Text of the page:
Data is growing exponentially in every organization, but large school systems at the primary and secondary levels face their own set of challenges when it comes to managing, securing and better utilizing information.
For Mark Lamson, director of information technology at Westerly Public Schools, the task is to manage data sprawl created by more than 3,000 students and nearly 700 faculty and staff that are coming and going semester to semester. Managing and storing data while securing it and remaining compliant with rules and regulations that govern the institution are critical, as with any enterprise. There is also a desire to improve the educational experience by using data to make better decisions.
In a recent webinar hosted by DataGravity, Three Greatest Challenges for Data Management: IT Director’s Perspective, Lamson said unstructured data has grown at a rate of 60 to 80 per cent over the last 15 years, and now has 160TB to contend with. “We’re no stranger to the idea that data is going to keep growing.”
Until recently, the protocol at Westerly was that if in doubt, keep everything because you never know what you might need later. “That’s not a well-advised strategy,” Lamson said. For one thing, it’s not sustainable given the cost of on-premise storage, and it’s not an effective use of that storage. And that data must be secured to meet regulatory and compliance guidelines, even if it’s no longer accessed or useful. “In some cases, keeping stuff has become more of a liability.”
David Stevens, technical marketing manager at DataGravity, worked in IT at a university in a past life. It had a “keep all” data policy and similar data growth rate, but budgets and resources that were shrinking. Because there was so much churn among students and staff, even more than a K12 school or board, it was difficult to keep data growth in check. Best practices needed to be developed to understand all of the data in the organization, including dormant data that hadn’t been touched in more than a semester, so that it could be archived or moved to cold storage.
No matter the age of the data or its sensitivity, it must be secured, and since it’s not a question of when a data breach will occur, but when, Lamson said he focuses on the “crown jewels,” which is data with personally identifiable information (PII). That includes information that might identify a student or staff member, as well as performance data, and how it is accessed, captured and shared, given that breaches are often the result of inappropriate handling and use of data by staff.
Lamson is able to quickly search his data and to understand who might have access to it. For example, it might just be a payroll officer, and he can verify the information was not inappropriately shared or otherwise exposed.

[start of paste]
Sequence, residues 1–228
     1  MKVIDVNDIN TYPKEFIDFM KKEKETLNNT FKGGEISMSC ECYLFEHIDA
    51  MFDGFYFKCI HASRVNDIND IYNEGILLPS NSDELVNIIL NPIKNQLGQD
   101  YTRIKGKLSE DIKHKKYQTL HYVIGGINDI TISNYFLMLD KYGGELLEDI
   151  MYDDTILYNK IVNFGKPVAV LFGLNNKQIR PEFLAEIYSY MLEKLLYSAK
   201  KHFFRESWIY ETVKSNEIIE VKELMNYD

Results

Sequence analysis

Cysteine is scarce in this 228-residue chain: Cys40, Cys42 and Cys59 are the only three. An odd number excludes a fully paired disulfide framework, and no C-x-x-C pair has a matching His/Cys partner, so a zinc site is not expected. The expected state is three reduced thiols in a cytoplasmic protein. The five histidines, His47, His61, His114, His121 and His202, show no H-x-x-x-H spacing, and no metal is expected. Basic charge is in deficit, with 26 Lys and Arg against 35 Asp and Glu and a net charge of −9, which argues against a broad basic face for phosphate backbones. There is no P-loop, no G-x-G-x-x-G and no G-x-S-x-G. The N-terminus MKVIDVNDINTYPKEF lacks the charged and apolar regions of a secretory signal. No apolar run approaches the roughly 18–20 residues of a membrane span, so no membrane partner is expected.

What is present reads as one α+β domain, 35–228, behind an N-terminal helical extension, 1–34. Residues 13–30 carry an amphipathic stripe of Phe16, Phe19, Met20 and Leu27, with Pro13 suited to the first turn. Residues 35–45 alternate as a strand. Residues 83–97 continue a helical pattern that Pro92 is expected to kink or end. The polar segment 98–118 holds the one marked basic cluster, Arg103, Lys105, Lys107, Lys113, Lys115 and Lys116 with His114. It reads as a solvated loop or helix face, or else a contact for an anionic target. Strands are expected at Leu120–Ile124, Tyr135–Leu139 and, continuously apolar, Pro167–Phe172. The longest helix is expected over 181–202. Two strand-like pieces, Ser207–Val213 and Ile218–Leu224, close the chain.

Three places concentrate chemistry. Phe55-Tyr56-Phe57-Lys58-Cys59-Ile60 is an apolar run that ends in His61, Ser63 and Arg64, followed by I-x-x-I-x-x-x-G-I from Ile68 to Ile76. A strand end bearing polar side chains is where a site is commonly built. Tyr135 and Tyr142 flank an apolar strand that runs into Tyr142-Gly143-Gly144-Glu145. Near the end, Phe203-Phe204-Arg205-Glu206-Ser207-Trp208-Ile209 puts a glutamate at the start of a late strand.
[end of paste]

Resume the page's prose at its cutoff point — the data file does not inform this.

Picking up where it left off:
The growth of data and keeping it secure and compliant has meant that service level agreements (SLAs) have evolved, said Lamson. Rather than being about uptime and availability – the five nines – they revolve around data governance and the five W’s of data.
In a university setting, understanding who has access to what data and how they are sharing it is even more complex, said Stevens. “Every semester we have a new group of hackers coming to campus.” The more frequent churn and the variety of data, ranging from student records to research, meant it was necessary to develop guidelines for data classification and protection. “Once they were in place we were able to push it across the organization and help departments understand what they have to do in case of a breach,” he said.
An end game for educational organizations is that once the data is properly managed, secure and compliant, then it can be used to make decisions that will improve the delivery of education and address issues affecting students and faculty, Lamson said. “It’s fairly easy if you have a traditional, structured database that spits out the information you want.”
With unstructured data the challenge is not only finding the needle in the haystack, but finding the haystack. But with the right hardware and software combination, it’s possible to drill down into dark and murky data, Lamson said. For example, issues such as truancy in older students could be nipped in the bud if found early on with the right tool set. It’s also easier to decide what data can be deleted completely with confidence given the cost of storing it and remaining compliant.
At a university level, said Stevens, where information is scattered across campus, bringing it together meant better insights and how to utilize it more. “By bringing together data, you can understand how people are using it and maintain governance across the organization.”
The ability to better understand data residing within a large organization and make better decisions speaks to the growth of what research firm Taneja Group describes as “data aware storage,” of which DataGravity is one of the vendors.